Award funds three years of student-assisted research on the properties of plastic and their implications for use in the biomedical field
By Stella Katsipoutis-Varkanis
Ryan Van Horn ’04, associate professor of chemical and biomolecular engineering, has been awarded a National Science Foundation (NSF) grant for his research project titled RUI: Metastability of Crystals in Double Crystalline PEO-b-PCL Films and Their Role in Transport Properties.
His grant, which is in the amount of $260,000 and will fund his project for the next three years, will begin once his current NSF award ends this year.
Working alongside three students per summer and one student per academic year, Van Horn will be studying the structure and macroscopic properties of two types of FDA-approved plastics—polycaprolactone and polyethylene oxide—and the broader implications for their use in the biomedical field in items such as pill capsules. Polycaprolactone, which is used for sutures, and polyethylene oxide, which is used in protein-repellent coatings, are already readily available in other biomedical applications and devices.
“The plastic film we study has two chemical components. They separate in the film, and then each of those chemical components can crystallize and form sheet-like structures that have different properties from the other parts of the film that aren’t in the sheets,” Van Horn says. “We study how the sheets form, how many sheets there are, how big they are, and how that relates to how water gets absorbed into the film to help it break apart, and how drugs make their way out of the film with those sheets in the way. We try to tailor how the sheets form and how those two chemical components separate out so that we can control how the film breaks apart over time or how a drug is released over time.”
The main focus of his project is to analyze how the sheets change over time, and how those changes can affect the way the plastic film breaks down and releases drugs in the human digestive system. With his research, Van Horn aims to make these accessible plastics more diverse in their applications by manipulating their structures and changing their properties in ways that haven’t been seen before.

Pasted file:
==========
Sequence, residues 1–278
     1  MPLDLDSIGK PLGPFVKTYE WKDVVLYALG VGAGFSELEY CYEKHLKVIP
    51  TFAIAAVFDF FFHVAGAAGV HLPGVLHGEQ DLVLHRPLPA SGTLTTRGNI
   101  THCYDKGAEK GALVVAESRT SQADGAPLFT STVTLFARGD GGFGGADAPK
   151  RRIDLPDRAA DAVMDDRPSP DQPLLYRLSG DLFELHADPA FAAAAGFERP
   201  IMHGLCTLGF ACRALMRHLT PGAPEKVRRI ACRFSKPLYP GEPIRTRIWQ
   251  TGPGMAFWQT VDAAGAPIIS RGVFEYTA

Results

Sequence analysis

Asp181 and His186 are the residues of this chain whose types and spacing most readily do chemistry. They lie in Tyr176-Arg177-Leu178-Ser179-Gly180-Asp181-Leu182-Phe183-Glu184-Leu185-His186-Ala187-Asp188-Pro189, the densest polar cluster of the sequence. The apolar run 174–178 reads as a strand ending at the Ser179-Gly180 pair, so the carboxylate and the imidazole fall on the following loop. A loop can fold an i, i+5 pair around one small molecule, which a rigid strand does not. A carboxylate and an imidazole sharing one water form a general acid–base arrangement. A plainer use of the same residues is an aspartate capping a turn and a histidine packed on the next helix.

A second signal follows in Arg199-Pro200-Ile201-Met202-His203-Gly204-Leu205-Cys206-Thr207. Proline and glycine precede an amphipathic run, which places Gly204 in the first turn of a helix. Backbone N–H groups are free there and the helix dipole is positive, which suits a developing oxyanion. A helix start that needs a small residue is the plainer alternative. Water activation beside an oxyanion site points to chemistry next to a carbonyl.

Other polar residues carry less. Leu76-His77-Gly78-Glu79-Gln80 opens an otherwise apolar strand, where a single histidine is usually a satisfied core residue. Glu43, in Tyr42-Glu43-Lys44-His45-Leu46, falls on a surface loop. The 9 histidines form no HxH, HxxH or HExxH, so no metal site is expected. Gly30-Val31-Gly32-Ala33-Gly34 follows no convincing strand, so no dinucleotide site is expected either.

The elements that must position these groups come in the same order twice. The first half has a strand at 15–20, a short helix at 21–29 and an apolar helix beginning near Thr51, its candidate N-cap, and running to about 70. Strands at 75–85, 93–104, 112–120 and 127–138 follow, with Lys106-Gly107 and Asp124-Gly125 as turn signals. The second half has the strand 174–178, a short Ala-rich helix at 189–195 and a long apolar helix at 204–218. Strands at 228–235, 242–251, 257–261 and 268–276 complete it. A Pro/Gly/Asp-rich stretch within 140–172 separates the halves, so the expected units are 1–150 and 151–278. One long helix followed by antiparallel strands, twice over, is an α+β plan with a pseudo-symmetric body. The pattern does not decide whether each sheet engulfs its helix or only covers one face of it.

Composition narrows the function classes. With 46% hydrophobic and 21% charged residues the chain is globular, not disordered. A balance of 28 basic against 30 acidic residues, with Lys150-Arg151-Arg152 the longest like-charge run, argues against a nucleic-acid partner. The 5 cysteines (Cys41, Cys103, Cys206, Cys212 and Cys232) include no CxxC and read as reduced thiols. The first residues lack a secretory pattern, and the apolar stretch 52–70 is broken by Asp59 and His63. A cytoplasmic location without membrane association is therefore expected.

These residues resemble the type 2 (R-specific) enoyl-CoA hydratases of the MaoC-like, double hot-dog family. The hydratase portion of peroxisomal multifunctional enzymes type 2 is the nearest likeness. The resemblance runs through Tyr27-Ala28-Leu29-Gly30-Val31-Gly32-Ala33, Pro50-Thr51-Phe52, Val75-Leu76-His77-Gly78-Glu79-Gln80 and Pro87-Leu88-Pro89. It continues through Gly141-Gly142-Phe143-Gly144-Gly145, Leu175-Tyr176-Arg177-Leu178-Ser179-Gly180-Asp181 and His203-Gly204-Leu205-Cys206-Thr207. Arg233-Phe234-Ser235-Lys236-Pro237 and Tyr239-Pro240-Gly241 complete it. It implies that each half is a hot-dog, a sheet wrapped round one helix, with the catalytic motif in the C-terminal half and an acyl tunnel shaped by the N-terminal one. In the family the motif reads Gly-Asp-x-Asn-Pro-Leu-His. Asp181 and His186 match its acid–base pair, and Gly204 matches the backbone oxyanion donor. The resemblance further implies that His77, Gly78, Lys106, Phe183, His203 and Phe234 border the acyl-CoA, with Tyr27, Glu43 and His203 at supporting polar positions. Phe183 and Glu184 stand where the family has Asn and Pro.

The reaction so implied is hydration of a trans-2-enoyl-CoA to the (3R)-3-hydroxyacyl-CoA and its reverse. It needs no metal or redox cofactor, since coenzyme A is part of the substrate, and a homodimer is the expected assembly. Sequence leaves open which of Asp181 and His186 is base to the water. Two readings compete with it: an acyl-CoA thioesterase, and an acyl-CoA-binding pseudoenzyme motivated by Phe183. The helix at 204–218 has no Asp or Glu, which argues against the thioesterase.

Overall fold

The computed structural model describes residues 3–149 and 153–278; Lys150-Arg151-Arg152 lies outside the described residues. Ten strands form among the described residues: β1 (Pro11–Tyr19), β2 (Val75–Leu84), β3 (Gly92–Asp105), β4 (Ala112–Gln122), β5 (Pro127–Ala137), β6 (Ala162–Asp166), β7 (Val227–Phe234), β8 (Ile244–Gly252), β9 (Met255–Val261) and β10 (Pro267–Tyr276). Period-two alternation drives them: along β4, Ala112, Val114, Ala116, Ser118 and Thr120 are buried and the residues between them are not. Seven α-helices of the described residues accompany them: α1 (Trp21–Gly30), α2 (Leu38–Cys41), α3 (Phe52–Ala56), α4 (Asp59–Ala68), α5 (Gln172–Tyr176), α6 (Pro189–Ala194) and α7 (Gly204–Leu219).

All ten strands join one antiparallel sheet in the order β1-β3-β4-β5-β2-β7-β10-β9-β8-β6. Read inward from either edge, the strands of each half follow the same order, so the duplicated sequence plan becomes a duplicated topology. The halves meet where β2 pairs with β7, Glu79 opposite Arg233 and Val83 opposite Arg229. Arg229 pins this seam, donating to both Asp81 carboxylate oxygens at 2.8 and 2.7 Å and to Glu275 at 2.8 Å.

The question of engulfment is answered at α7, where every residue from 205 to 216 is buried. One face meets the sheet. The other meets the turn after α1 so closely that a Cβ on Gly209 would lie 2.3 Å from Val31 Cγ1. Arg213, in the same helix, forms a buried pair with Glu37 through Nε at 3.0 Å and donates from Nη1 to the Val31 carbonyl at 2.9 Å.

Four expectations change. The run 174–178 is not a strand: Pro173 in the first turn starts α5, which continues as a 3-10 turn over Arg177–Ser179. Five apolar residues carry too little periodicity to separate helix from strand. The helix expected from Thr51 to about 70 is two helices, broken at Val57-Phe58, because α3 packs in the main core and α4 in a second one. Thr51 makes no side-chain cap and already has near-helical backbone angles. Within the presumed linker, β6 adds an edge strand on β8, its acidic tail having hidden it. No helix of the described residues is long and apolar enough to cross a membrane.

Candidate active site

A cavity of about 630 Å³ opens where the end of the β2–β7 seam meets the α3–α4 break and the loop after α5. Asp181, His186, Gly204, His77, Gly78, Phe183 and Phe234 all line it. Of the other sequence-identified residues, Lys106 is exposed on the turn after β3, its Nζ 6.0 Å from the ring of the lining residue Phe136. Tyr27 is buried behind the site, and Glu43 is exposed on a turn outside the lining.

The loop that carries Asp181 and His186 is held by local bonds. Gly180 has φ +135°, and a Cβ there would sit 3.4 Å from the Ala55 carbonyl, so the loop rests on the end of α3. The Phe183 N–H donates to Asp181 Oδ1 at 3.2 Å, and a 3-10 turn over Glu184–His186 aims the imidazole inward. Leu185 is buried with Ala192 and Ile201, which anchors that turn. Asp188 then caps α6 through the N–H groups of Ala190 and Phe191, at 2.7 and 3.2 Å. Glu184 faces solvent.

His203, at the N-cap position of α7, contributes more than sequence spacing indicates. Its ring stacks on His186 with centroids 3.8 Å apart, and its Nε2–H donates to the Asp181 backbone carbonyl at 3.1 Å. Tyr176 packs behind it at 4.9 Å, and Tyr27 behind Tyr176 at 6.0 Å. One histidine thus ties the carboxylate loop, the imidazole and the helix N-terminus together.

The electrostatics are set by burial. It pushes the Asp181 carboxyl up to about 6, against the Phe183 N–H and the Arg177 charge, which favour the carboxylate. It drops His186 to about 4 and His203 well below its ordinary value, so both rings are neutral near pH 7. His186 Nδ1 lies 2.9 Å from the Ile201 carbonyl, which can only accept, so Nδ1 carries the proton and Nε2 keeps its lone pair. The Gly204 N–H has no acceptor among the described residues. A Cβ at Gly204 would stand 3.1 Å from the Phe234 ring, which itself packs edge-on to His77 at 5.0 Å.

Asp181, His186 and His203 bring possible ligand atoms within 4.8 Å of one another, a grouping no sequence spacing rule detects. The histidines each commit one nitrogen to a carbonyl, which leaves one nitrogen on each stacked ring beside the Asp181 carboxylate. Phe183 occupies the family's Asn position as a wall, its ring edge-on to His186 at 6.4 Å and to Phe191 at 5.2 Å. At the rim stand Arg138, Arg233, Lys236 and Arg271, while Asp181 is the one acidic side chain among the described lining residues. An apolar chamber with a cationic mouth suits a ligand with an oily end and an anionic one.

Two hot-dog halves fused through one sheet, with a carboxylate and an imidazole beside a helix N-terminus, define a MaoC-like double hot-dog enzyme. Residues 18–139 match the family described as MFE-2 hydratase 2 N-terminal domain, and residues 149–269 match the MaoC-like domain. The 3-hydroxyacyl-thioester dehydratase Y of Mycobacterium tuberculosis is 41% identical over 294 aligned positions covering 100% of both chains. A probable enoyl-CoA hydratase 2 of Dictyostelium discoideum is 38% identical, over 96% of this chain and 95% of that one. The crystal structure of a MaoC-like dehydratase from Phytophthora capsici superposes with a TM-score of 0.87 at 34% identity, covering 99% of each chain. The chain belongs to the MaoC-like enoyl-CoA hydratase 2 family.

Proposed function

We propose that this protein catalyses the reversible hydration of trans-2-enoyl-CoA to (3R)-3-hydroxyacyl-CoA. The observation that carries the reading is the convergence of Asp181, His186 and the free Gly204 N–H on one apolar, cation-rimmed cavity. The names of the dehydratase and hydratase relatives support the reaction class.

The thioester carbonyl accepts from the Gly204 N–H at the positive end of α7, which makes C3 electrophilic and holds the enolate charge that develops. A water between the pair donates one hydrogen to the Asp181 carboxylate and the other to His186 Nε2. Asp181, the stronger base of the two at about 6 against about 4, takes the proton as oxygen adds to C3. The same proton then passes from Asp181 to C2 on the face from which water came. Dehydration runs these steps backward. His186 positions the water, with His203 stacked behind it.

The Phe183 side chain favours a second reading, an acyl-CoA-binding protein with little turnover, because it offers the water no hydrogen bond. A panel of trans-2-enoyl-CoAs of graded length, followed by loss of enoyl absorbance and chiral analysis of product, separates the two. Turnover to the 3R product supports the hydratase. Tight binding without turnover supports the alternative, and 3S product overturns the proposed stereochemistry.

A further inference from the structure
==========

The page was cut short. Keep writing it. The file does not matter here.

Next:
“We have drug-release coatings that are fast and drug-release coatings that are slow,” he says. “Maybe through our work we can make one coating that can be tuned to either be fast or slow.”
But the greatest impact of his studies, Van Horn hopes, will be on his students.
“I’m really excited because I do this for the students,” Van Horn says. “Part of the reason why I think I’m successful with my grant proposals is that they help the students gain valuable experience, prepare for graduate school or industrial work, learn what lab work is about, and learn about plastics and the techniques used in plastics that are very relevant to current academic and industrial research techniques that they might use in the future.”
He plans to use his grant money to fund student stipends, support students’ travel to national conferences where they present their work, and buy lab equipment that students and various faculty members can use for their research. Part of the grant also will help pay for student visits to larger facilities where they can use lab equipment not yet available at Lafayette. Additionally, the award will allow Van Horn to invite a local high school junior or senior to participate in the project.
Van Horn, who received a doctoral degree in polymer science from University of Akron and a B.S. in chemical engineering from Lafayette before he joined the College faculty two years ago, likes to take a hands-off approach when leading his students through his research projects—a method he picked up from his own professors when he attended Lafayette.
“The students typically do everything,” he says. “They all get trained by me, and then I let them do what they do. The stuff we do is safe, and the equipment we use is relatively simple to use. The harder part is analyzing the data that we get, and so I work closely with them to talk about what the data means and where we go from here. My professors were heavily involved in my ability to learn and be successful and helped push me to problem-solve and do things on my own, which is really important for graduate school and designing your own research agenda. That really worked well for me personally. Those personal relationships showed me that I wanted to have the same sort of interaction with students: being able to take students under your wing and help them figure out where they want to go in life, how to prepare for doing independent research projects, and how to solve problems.”
When reflecting on his achievement in receiving the NSF grant, Van Horn is most excited about the fact his students are being acknowledged for the contributions they make, and that more students will be able to follow in their footsteps.
“It makes me proud that people are recognizing that these students are valuable, that the research is valuable, that this is worth funding, that what they’ve done in the past is noteworthy, and that they deserve the opportunity to keep working on it,” he says.